arcanum (n.)

    "a secret, a mystery," proper singular form of arcana (q.v.); in alchemy, a supposed great secret of nature, hence, generally, "the secret virtue" of anything.ETD arcanum (n.).2

    arch (n.)

    "structure (in a building, bridge, etc.) in the shape of a curve that stands when supported only a the extremities," c. 1300, from Old French arche "arch of a bridge, arcade" (12c.), from Latin arcus "a bow" (see arc (n.)). It largely replaced native bow (n.1) in this sense.ETD arch (n.).2

    Originally architectural in English; transferred by early 15c. to anything having a curved form (eyebrows, feet, etc.). The commemorative or monumental arch is attested in English from late 14c.ETD arch (n.).3

    Compare Middle English Seinte Marie Chirche of the Arches (c. 1300) in London, later known as St. Mary-le-Bow, site of an ecclesiastical court, so called for the arches that supported its steeple (the modern church is by Sir Christopher Wren, rebuilt after the Great Fire of 1666).ETD arch (n.).4

    arch (adj.)

    1540s, "chief, principal," from separate use of the prefix arch-, which is attested from late Old English (in archangel, archbishop, etc.). The prefix figured in so many derogatory uses (arch-rogue, arch-knave, etc.) that by mid-17c. it had acquired a meaning of "roguish, mischievous," softened by 19c. to "saucy." The shifting sense is exemplified by archwife (late 14c.), variously defined as "a wife of a superior order" or "a dominating woman, virago." Related: Archly; archness.ETD arch (adj.).2

    arch (v.)

    early 14c., "to form an arch" (implied in arched); c. 1400 in transitive sense "furnish with an arch," from arch (n.). Related: Arching.ETD arch (v.).2


    word-forming element meaning "a ruler," from Greek arkhos "leader, chief, ruler," from arkhē "beginning, origin, first place," verbal noun of arkhein "to be the first," hence "to begin" and "to rule" (see archon).ETD -arch.2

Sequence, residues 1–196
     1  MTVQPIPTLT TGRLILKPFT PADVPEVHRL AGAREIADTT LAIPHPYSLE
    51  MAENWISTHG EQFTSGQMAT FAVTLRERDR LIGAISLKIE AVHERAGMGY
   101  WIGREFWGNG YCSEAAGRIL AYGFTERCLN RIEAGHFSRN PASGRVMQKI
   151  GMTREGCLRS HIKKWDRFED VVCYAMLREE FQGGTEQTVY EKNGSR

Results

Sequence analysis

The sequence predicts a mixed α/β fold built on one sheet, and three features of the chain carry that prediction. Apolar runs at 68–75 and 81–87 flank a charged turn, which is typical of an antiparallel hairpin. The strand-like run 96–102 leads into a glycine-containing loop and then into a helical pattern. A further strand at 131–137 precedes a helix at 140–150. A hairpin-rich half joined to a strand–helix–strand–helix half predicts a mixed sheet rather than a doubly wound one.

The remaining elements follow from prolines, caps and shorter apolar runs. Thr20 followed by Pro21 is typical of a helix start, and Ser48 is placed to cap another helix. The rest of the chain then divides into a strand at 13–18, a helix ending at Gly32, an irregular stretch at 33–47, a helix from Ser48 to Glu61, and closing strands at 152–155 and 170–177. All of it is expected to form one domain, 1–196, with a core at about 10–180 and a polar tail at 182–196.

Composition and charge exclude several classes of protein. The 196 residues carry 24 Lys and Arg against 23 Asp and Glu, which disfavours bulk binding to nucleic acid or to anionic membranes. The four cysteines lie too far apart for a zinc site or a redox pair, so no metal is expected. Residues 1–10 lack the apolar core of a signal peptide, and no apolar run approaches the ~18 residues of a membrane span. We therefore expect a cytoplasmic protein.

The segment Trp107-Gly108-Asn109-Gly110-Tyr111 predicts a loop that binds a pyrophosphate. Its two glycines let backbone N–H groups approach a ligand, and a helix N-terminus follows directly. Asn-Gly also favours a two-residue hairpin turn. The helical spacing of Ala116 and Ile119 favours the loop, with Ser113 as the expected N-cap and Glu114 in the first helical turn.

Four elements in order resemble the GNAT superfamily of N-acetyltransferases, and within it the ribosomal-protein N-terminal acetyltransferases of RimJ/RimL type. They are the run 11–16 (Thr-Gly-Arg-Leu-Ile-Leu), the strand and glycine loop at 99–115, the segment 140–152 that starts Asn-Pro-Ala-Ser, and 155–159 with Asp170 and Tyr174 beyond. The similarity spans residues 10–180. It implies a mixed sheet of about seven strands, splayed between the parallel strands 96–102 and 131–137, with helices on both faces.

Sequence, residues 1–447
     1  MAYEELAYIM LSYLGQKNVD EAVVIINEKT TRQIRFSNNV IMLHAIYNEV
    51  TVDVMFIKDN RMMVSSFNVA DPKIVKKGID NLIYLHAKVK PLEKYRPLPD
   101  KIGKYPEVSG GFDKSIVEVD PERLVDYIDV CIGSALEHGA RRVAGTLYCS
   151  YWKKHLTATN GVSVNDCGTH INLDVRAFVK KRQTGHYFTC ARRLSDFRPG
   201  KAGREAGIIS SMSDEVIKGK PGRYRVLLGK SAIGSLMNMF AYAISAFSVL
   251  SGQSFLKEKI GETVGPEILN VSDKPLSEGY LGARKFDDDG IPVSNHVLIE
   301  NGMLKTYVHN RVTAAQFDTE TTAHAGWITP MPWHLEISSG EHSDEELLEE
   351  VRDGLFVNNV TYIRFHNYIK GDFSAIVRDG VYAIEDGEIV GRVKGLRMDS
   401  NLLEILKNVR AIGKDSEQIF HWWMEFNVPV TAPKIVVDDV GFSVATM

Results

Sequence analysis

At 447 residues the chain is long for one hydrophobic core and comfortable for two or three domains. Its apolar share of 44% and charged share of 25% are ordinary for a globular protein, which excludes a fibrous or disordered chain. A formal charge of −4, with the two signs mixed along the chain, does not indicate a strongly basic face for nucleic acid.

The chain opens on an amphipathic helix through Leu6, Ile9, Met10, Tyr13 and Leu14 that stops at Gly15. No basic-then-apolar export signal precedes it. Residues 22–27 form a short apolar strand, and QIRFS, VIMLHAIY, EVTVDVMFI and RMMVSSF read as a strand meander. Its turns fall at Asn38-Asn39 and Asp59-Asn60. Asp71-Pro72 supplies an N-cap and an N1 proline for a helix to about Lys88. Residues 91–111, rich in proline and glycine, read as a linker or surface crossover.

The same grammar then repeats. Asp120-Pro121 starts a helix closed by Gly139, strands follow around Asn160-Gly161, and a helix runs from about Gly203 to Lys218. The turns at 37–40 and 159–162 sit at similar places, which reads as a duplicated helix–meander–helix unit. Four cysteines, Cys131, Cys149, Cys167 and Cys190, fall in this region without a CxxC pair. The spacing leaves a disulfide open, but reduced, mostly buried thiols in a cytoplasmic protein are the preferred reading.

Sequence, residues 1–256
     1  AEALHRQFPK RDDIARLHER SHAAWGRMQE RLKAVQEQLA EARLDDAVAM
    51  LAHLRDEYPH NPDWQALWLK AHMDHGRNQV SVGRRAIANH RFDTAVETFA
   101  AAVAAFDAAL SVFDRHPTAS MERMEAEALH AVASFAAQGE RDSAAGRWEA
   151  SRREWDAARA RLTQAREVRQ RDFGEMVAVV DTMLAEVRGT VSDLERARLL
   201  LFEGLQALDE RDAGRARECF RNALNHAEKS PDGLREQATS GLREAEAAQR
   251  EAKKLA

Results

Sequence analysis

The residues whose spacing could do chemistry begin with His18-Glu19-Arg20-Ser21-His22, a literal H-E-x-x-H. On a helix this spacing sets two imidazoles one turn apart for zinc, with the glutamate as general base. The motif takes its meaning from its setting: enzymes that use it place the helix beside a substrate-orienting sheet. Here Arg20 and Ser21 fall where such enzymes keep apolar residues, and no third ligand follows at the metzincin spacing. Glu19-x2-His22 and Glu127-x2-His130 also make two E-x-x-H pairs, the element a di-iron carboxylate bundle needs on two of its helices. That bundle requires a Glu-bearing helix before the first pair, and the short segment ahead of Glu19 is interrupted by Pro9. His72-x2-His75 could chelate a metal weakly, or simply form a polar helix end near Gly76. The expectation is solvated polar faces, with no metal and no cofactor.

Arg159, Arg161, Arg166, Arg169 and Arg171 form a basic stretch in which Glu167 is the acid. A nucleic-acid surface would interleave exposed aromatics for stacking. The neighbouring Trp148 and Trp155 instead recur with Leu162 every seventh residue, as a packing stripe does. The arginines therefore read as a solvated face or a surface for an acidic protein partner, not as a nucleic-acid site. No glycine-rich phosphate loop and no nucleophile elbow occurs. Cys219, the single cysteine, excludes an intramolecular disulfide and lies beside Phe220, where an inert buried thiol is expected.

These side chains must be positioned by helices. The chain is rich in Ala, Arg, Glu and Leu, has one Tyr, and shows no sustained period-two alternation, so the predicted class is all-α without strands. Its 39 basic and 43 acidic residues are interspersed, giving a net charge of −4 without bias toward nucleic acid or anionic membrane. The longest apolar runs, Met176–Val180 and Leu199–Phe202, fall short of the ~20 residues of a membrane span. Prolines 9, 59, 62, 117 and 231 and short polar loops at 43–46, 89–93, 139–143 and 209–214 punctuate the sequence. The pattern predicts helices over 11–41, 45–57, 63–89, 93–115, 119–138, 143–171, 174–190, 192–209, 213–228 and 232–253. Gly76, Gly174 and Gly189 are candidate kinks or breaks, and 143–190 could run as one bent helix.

also archi-, word-forming element meaning "chief, principal; extreme, ultra; early, primitive," from Latinized form of Greek arkh-, arkhi- "first, chief, primeval," combining form of arkhos "a chief, leader, commander," arkhein "be first, begin" (see archon).ETD arch-.2

    Archaean (adj.)

    "of the earliest geological age," 1872, coined by U.S. geologist and zoologist James Dwight Dana (1813-1895) from Latinized form of Greek arkhaios "ancient," from arkhē "beginning," verbal noun of arkhein "to be the first," hence "to begin" and "to rule" (see archon).ETD Archaean (adj.).2

    archaebacteria (n.)

    a name for microorganisms similar to bacteria but seemingly more primitive, 1977, from archaeo- "primitive, ancient" + bacteria. Singular is archaebacterium.ETD archaebacteria (n.).2


    before vowels archae-, word-forming element in scientific compounds meaning "ancient, olden, primitive, primeval, from the beginning," from Latinized form of Greek arkhaios "ancient, primeval," from arkhē "beginning," verbal noun of arkhein "to be the first," hence "to begin" (see archon).ETD archaeo-.2

    archaeoastronomy (n.)

    a general term for disciplined studies of ancient astronomies, 1971, from archaeo- "ancient" + astronomy.ETD archaeoastronomy (n.).2

    archaeological (adj.)

    "pertaining to archaeology," 1766, in the antiquarian sense, from archaeology + -ical. Earlier was archaeologic (1731). Related: Archaeologically.ETD archaeological (adj.).2

    archaeology (n.)

    c. 1600, "ancient history," from French archéologie (16c.) or directly from Greek arkhaiologia "the study of ancient things;" see archaeo- + -ology. The meaning "scientific study of ancient peoples and past civilizations" is recorded by 1825.ETD archaeology (n.).2